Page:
The frontier-like setting reminded me I haven’t read the Kirsten story in a while. Her books had stuck with me as being more boring than the other American Girls, and I now know why; she shares an author with the Kaya series. I may still read Kirsten in the future, but at the moment I’m AG‘ed out.
(I would like to extend my gratitude to Valerie Tripp, the first writer to make me curious about the person behind the words.)
But lastly, I hope the Pleasant Company can have more Native American series. After all, every tribe has lived in the United States longer than anyone.
I’m still waiting for a Japanese-American girl. Since they’ve gone as recent as the 1970s, maybe they’ll have a Japanese girl for the swingin’ 1960s who has some personal trouble after finding out her parents met in a Japanese Internment camp.
I look forward to future American Girls.
Kit was the first American Girl to be published after I’d left the series for more adult books. To be honest, up until this summer I wasn’t at all interested in her because she’d seemed to overshadow the other American Girls. Oh, me of little faith.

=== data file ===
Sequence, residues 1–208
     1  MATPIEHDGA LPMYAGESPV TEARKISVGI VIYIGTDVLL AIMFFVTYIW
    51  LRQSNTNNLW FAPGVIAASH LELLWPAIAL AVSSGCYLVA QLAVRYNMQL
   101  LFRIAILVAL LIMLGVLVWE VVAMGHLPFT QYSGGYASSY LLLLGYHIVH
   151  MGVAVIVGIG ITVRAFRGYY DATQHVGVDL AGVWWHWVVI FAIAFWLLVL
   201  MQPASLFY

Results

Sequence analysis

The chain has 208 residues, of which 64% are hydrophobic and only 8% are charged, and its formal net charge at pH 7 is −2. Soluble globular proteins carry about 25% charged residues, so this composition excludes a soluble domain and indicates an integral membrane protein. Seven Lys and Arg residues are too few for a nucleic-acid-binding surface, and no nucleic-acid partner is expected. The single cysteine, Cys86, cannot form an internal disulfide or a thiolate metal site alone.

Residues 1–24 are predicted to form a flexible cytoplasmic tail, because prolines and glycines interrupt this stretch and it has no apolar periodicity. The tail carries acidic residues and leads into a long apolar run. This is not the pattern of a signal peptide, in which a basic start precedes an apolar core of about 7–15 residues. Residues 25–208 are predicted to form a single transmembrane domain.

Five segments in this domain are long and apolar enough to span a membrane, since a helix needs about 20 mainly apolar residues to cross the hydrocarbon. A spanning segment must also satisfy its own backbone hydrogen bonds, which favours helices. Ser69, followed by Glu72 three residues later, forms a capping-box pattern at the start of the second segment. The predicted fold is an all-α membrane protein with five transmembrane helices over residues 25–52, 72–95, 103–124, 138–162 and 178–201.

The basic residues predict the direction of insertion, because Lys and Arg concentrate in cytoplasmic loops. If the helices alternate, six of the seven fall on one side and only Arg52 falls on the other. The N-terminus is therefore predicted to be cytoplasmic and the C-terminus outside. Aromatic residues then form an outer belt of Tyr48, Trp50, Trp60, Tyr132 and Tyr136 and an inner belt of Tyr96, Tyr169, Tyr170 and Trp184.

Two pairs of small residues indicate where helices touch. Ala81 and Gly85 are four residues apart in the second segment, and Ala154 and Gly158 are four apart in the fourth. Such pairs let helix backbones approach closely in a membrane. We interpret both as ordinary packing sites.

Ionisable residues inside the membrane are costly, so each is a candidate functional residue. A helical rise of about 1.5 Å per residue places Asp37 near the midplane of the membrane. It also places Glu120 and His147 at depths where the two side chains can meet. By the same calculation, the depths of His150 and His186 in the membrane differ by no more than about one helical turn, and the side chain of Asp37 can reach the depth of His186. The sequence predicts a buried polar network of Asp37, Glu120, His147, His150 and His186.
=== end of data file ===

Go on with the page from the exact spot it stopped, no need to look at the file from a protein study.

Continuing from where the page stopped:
Soon after the first book, I could see why Kit seemed to be more popular; the stories offer sound advice and empathy for girls whose families are trying to survive the Recession that began in 2008.
On a personal note, it is always easy to find something in every AG series that connects you to the main character. For me, it was Kit’s love for writing. The scene in which she loses herself in writing a fictional story (Kit’s Surprise), especially, was when I truly began to appreciate her.
By the end of this series, I noticed something I’d taken for granted: the illustrations. Reading Samantha earlier was a nice step back into my own time when the illustrations reacquainted me with the books’ familiarity. I’d known the characters well enough that I forgot to look deeper at the picture. With the new experience of Kit, I felt the same sense of familiarity. I know the style of the artists AG hire, but there was more. In Kit Saves the Day, Kit performs a dangerous, Harold Lloyd-esque feat that threatens her life. As I turned the page when reading, I found myself captivated by the life and many emotions that were crossing her mind. This image was worth more words than were put on the page. It can be found on the cover of current publications.